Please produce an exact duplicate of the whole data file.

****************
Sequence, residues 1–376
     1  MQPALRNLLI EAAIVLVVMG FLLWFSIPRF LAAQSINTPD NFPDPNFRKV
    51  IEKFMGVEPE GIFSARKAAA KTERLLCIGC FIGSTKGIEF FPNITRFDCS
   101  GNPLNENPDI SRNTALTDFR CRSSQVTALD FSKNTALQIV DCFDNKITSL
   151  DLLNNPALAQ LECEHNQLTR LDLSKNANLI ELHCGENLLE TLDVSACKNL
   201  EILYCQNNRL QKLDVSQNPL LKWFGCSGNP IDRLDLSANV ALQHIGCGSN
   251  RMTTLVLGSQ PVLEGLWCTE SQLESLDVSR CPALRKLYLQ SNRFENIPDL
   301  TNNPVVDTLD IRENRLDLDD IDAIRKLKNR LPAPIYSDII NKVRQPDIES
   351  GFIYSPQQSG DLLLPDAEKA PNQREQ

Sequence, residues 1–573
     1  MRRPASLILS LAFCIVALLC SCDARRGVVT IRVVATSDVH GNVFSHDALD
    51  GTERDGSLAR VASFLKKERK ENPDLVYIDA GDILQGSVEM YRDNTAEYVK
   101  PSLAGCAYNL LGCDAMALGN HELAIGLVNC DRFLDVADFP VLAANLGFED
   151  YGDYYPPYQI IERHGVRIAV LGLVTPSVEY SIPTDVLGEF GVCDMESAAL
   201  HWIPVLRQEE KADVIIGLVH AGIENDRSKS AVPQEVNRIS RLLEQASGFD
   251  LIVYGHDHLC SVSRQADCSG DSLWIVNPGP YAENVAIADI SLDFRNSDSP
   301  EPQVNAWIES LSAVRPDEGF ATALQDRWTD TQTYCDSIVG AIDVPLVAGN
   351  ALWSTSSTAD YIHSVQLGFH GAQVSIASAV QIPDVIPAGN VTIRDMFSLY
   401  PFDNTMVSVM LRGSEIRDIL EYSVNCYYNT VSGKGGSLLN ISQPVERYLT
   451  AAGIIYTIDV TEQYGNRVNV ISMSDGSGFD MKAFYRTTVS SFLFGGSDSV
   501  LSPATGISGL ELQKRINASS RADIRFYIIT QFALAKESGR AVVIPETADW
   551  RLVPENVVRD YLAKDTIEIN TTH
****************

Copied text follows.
Sequence, residues 1–376
     1  MQPALRNLLI EAAIVLVVMG FLLWFSIPRF LAAQSINTPD NFPDPNFRKV
    51  IEKFMGVEPE GIFSARKAAA KTERLLCIGC FIGSTKGIEF FPNITRFDCS
   101  GNPLNENPDI SRNTALTDFR CRSSQVTALD FSKNTALQIV DCFDNKITSL
   151  DLLNNPALAQ LECEHNQLTR LDLSKNANLI ELHCGENLLE TLDVSACKNL
   201  EILYCQNNRL QKLDVSQNPL LKWFGCSGNP IDRLDLSANV ALQHIGCGSN
   251  RMTTLVLGSQ PVLEGLWCTE SQLESLDVSR CPALRKLYLQ SNRFENIPDL
   301  TNNPVVDTLD IRENRLDLDD IDAIRKLKNR LPAPIYSDII NKVRQPDIES
   351  GFIYSPQQSG DLLLPDAEKA PNQREQ

Sequence, residues 1–573
     1  MRRPASLILS LAFCIVALLC SCDARRGVVT IRVVATSDVH GNVFSHDALD
    51  GTERDGSLAR VASFLKKERK ENPDLVYIDA GDILQGSVEM YRDNTAEYVK
   101  PSLAGCAYNL LGCDAMALGN HELAIGLVNC DRFLDVADFP VLAANLGFED
   151  YGDYYPPYQI IERHGVRIAV LGLVTPSVEY SIPTDVLGEF GVCDMESAAL
   201  HWIPVLRQEE KADVIIGLVH AGIENDRSKS AVPQEVNRIS RLLEQASGFD
   251  LIVYGHDHLC SVSRQADCSG DSLWIVNPGP YAENVAIADI SLDFRNSDSP
   301  EPQVNAWIES LSAVRPDEGF ATALQDRWTD TQTYCDSIVG AIDVPLVAGN
   351  ALWSTSSTAD YIHSVQLGFH GAQVSIASAV QIPDVIPAGN VTIRDMFSLY
   401  PFDNTMVSVM LRGSEIRDIL EYSVNCYYNT VSGKGGSLLN ISQPVERYLT
   451  AAGIIYTIDV TEQYGNRVNV ISMSDGSGFD MKAFYRTTVS SFLFGGSDSV
   501  LSPATGISGL ELQKRINASS RADIRFYIIT QFALAKESGR AVVIPETADW
   551  RLVPENVVRD YLAKDTIEIN TTH